French bemoan M&S closure as Brexit shortages really bad sign for Paris amid Covid blow – Daily Express

M&S confirmed this week plans to shut down 11 of its 26 flagship stores across France amid growing post-Brexit supply chain issues. Parisians have lamented the closure of the main St Germaine shop in the heart of the French capital as a “pity” for consumers of British goods. One woman told France 24: “It’s a pity because it’s a shop that had very good products.”

Another woman added: “I had already noticed for some months the shelves were short on stock. And a certain number of goods had unfortunately completely disappeared.”

Author Dana Thomas said M&S’ decision to shut down local shops is a “very bad sign” for the future of Paris as the capital struggles with extensive closures in the aftermath of the Covid pandemic.

Ms Thomas said: “The gourmet grocery stores of Paris but not only were as bare as Old Mother Hubbard’s cupboards for the first six months of this year.

And then they worked it out, you could get some Fortnum&Mason tea and some Digestives again. But the Marks&Spencer pullout is a big sign.”

JUST IN: Rejoiner orders Boris to pay France compensation – and calls for ‘trade blockade’ from EU

She continued: “And it’s not just in the food business, it’s also in the fashion business – 42 percent of Britain’s luxury goods are exported to the EU.

“Designers are caught paying in fees, deliveries are late and that cost a lot of money in the luxury fashion business so much so that Paul Smith is talking about moving his production, what little is in the UK, to Europe.

“So, it’s a bad sign for Britain’s economy but it’s also a really bad sign for Paris, which already has a blight of empty stores.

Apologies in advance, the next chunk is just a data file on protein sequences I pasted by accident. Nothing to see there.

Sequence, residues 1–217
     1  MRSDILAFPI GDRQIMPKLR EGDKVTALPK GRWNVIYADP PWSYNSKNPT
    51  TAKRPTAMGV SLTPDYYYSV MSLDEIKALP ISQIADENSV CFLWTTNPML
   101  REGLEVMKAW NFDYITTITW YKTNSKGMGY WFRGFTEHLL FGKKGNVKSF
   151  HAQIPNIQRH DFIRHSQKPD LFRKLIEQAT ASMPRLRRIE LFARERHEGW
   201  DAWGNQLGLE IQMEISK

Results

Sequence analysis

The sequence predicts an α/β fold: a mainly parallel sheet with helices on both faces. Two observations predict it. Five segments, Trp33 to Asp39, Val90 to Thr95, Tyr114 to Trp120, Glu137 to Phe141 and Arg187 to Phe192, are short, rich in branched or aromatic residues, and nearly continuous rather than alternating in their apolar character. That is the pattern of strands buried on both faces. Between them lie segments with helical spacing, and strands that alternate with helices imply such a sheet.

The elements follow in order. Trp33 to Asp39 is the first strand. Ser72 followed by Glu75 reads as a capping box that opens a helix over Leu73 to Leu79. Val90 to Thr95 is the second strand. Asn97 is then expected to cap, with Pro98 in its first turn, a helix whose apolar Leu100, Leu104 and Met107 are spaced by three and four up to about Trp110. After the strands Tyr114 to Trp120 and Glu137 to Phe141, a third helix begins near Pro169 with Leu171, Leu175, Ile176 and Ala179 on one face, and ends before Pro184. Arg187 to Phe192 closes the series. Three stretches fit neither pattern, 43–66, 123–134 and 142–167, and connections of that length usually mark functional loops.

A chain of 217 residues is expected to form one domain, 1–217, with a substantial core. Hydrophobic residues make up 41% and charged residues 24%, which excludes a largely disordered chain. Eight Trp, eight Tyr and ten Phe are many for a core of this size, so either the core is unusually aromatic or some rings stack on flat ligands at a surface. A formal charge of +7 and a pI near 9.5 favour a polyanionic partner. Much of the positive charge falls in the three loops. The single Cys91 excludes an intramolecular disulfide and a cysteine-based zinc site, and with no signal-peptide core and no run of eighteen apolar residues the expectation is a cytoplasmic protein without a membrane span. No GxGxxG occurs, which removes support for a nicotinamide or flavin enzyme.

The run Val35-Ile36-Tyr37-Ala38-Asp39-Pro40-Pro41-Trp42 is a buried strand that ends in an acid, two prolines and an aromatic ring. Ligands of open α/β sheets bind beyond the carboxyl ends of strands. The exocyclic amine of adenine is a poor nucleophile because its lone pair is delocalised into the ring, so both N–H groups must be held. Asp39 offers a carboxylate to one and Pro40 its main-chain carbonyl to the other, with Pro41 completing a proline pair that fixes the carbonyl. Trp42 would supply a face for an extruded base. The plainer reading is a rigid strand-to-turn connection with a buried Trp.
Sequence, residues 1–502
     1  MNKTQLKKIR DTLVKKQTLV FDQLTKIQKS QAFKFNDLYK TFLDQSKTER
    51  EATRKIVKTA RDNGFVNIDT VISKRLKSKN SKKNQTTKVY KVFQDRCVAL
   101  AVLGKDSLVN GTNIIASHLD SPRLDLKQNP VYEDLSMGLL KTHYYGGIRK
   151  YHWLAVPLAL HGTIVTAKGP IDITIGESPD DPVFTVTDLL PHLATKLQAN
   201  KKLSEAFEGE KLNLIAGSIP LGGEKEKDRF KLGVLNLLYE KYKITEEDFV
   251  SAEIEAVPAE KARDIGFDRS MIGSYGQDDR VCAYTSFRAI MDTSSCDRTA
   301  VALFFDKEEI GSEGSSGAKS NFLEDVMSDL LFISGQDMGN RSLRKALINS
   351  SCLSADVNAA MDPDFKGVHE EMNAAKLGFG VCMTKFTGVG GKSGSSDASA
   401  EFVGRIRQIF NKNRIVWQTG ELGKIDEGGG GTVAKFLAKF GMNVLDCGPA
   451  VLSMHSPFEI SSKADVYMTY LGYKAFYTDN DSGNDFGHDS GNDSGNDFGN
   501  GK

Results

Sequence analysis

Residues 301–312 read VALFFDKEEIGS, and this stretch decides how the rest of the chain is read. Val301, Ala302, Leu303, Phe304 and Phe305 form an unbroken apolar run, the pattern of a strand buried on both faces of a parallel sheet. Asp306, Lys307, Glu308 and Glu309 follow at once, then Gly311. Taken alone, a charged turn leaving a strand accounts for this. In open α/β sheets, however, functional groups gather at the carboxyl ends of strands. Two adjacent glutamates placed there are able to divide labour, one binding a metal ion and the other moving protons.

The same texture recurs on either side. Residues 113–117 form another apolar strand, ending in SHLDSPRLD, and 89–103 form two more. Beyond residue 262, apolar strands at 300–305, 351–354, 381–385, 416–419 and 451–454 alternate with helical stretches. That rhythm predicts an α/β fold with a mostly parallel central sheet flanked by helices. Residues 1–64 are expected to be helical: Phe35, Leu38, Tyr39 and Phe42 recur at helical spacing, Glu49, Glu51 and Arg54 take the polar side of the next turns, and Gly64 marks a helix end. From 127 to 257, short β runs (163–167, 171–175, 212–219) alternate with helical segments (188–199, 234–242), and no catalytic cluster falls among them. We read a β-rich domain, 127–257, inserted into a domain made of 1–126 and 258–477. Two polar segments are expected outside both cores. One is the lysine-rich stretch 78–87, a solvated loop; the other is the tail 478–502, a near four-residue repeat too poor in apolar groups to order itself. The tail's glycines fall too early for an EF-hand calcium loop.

“After Covid, every third store is closed or shut. Madame Le Maire, she wants to run for president, she somehow couldn’t work this out so Marks&Spencer doesn’t close that huge store close to the Apple Store in the heart St Germaine.”

READ MORE: Look at EU! Remoaner outcry torn apart as inflation surges across Europe

“As things stand today, the supply chain complexities in place following the UK’s exit from the European Union, now make it near impossible for us to serve fresh and chilled products to customers to the high standards they expect, resulting in an ongoing impact to the performance of our business.”

The 11 stores that will close by the end of this year are located predominantly across the high streets of Paris, while the nine run by Lagardere are located in travel hubs such as airports, railway, and metro stations.

A spokesperson for Prime Minister Boris Johnson defended the Brexit process, saying: ” “We believe that the approach we have taken is the correct one.

“It is something that the public voted for and it is already bringing benefits to the public.”

Leave a Reply

Your email address will not be published. Required fields are marked *